Not currently offered
Course code



10 units


6000 level

Course handbook


This course surveys the development of the Christian Church from its beginnings in Jewish Christianity through to the early Middle Ages. Main areas include the transition from insecurity and persecution to acceptance as the religion of the empire; the Church Fathers and the beginnings of Christian theology and spirituality; the effects of tribal invasions, the spread of Islam and divisions between East and West in the Church.


Not currently offered.

This Course was last offered in Semester 2 - 2017.

Replacing course(s)

This course replaces the following course(s): THEO6002. Students who have successfully completed THEO6002 are not eligible to enrol in RELT6002.

Learning outcomes

On successful completion of the course students will be able to:

1. Demonstrate advanced understanding of the beginnings and early development of the Christian Church with a survey overview;

2. Relate their understanding of the development of the Christian churches to factors influencing the history of the Roman Empire;

3. Examine illustrative examples of early Christian life and theology as the expression of a changing Christian identity under the pressure of different social contexts;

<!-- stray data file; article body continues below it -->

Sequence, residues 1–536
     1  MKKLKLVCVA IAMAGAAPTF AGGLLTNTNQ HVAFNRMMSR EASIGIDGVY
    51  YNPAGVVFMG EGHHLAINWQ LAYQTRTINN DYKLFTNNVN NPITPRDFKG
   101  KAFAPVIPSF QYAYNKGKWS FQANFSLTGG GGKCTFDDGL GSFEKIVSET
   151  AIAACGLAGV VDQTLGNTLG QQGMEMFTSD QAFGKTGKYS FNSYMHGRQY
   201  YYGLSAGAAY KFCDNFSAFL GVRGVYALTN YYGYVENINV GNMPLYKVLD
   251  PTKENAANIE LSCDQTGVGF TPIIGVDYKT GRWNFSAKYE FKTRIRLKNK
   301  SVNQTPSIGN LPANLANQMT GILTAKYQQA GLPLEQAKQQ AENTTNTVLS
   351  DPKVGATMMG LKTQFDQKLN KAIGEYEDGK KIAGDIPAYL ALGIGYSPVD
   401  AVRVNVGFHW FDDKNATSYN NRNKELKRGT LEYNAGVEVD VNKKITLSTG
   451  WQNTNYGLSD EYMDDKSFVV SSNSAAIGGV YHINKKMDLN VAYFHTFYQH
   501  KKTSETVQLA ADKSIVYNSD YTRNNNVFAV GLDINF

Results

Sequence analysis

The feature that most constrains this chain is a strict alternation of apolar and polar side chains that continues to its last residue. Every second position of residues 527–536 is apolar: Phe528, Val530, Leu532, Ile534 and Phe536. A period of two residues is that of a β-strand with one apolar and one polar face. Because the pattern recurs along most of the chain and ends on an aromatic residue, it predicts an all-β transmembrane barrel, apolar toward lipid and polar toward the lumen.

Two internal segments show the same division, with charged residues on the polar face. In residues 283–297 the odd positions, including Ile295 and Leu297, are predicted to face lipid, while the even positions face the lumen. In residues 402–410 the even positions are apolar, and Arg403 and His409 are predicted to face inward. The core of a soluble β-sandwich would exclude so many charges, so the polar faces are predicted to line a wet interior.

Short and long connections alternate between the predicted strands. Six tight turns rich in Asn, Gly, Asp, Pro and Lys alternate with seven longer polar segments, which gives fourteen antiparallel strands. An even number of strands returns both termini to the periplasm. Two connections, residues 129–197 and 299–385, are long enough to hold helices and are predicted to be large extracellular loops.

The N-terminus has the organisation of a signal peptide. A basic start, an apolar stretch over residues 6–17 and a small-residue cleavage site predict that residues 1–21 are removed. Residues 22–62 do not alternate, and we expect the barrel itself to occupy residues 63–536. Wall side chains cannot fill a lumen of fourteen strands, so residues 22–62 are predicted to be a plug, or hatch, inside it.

4. Make critical use of primary sources in constructing a historical account.


The course will be organised around the following themes:

  1. Beginnings and growth to 300CE, including the origins in Palestine, spread within the Empire, opposition and persecution, early organisation and ritual.
  2. Consolidation from 300CE, including the influence of Constantine, theological controversies and development, changing spirituality.
  3. The Church in a declining Empire, including reactions to tribal invasions and the emergence of Islam, growth of monasticism.


This course replaces THEO6002. If you have successfully completed THEO6002 you cannot enrol in this course.

Assessment items

Online Learning Activity: Discussion Forum

In Term Test: Take-Home Exam

Written Assignment: Document Study

Essay: Research Essay